Everywhere I go, I’m asked the same question. Oddly, it’s never, “Jonathan, what’s your racing tip this week?” It’s always, “Are you ready?”
Of course they’re talking about being prepared for
our forthcoming events – because ‘ready’, etymologically speaking, is derived
from the Old English word ræde which meant to ready your horse. The word ready therefore shares its origins with the word ride
– but I won’t be riding at the races on Saturday 28th May, I’ll be helping
to make preparations for everyone else.
The word prepare originates from the Latin: pre
or prae meaning before and parare which means to
furnish, order or design. Parare also means to pare down –
which is what Gary Sharp (Cartmel’s Head Groundsman) and his team have been
doing to the birch obstacles on the race-track. Only when Gary is at work, we
say that he is repairing the fences – re meaning again or anew.
But what about you: are you prepared? Advance
bookings for tickets must be made on the racecourse website by midnight on
Sunday 22nd May, or on Ticketline by Tuesday 24th May. If you haven’t purchased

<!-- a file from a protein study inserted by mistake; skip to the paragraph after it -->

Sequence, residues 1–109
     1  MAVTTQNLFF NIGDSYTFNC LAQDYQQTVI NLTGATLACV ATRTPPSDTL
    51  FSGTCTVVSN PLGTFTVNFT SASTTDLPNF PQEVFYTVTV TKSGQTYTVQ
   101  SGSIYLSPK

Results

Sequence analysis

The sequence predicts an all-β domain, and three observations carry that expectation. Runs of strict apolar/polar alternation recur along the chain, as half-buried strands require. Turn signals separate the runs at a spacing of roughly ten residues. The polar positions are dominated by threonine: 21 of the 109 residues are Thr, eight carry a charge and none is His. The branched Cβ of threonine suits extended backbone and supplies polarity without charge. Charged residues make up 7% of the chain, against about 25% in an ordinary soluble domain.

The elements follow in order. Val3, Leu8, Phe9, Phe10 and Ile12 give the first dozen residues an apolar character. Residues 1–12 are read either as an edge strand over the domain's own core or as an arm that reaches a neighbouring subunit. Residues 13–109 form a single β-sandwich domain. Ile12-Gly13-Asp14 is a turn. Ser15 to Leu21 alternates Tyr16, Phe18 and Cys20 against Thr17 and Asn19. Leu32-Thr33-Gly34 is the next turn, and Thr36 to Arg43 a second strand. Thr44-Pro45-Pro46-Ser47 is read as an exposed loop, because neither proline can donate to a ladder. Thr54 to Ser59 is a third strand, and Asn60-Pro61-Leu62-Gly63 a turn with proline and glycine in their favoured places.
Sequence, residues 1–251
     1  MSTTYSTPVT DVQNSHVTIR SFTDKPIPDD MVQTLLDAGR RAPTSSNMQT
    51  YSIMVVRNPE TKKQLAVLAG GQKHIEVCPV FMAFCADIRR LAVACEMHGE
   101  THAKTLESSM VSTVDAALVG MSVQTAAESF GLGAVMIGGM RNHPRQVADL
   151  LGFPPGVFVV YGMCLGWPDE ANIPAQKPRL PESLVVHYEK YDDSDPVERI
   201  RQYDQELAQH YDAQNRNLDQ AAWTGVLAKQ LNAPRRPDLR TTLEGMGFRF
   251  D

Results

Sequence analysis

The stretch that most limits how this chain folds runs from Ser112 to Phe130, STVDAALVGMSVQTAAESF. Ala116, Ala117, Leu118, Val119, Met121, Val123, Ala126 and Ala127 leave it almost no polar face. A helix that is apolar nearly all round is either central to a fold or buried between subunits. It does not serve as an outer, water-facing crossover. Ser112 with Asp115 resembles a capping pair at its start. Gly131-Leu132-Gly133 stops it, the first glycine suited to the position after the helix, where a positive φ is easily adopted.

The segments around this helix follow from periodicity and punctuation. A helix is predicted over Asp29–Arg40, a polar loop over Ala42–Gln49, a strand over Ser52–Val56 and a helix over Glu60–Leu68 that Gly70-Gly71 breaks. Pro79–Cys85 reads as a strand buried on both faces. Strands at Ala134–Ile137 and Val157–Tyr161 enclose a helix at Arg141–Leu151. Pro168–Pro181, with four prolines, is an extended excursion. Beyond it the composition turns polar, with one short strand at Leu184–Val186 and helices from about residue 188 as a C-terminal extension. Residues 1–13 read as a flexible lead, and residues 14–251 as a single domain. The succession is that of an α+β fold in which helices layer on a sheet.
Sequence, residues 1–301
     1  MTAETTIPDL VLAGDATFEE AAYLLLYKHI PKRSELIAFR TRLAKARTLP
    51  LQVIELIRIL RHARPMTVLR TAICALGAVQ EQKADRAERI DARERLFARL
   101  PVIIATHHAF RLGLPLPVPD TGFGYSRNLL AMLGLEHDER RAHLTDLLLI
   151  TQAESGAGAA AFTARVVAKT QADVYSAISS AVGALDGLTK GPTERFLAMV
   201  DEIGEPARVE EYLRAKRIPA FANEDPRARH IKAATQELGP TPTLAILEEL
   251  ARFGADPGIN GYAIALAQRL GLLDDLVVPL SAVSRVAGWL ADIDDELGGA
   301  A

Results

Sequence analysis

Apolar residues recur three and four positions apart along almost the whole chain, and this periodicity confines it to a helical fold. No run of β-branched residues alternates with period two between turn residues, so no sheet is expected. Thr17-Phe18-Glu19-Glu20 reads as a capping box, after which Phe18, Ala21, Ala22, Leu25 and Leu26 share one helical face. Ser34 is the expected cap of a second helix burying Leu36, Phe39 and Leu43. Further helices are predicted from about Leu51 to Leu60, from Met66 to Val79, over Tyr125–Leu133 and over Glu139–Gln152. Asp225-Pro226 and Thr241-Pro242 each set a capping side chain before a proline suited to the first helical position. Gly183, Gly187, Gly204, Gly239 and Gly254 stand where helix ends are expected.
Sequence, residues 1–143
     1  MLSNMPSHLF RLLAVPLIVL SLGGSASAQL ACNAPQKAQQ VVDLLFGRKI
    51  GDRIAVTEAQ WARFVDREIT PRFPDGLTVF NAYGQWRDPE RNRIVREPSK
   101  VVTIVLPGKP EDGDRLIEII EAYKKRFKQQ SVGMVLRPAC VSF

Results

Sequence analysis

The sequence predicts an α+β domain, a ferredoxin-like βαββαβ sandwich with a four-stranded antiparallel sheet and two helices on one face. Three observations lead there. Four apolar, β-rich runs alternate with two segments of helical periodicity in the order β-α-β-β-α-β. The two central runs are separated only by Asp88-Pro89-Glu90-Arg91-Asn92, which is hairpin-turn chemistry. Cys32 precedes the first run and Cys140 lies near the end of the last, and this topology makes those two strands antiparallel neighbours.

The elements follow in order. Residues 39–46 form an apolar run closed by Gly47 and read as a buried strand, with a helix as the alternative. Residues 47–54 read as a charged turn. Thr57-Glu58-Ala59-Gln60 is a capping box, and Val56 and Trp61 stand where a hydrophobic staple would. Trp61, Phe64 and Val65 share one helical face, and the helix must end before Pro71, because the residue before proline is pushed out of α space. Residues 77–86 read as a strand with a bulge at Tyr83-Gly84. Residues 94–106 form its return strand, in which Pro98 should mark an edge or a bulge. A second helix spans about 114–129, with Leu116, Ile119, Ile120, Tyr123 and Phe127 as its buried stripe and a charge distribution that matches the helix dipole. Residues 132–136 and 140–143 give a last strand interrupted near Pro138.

your tickets yet for the Simply Red Raceday, it might be wise to log on now, as
they are disappearing fast. Tickets are also available for Jools Holland and
his Rhythm and Blues Orchestra (playing on Sunday when we’re not racing) and
the traditional Bank Holiday Monday race-meeting on 3oth May.
We can help you to prepare in other ways too – in
addition to tickets, visitors to the racecourse website can purchase vouchers
for packs of raw meat to place on their barbecues. The BBQ packs are collected
from the Furness Fish & Game trade-stand in the Tented Village. We’ve also
got vouchers for the funfair (£15 worth of rides cost just £10), Tote betting
and glasses of Champagne.
There are still a few spaces remaining for tents in
the racecourse campsite, but not campervans or caravans. A pitch for a two-man
tent costs £30 for Friday evening to Sunday morning; separate camping tickets
are required for Sunday evening to Tuesday morning. So, if you’ve yet to
find somewhere to stay, don’t despair.
Incidentally, the word despair has nothing
to do with repair, prepare or even parare. Despair is
derived from the Latin words: de meaning without and sperare
meaning to hope. So a literal meaning might be without hope – a
bit like Venturous in the 4.10 at Newmarket, my selection for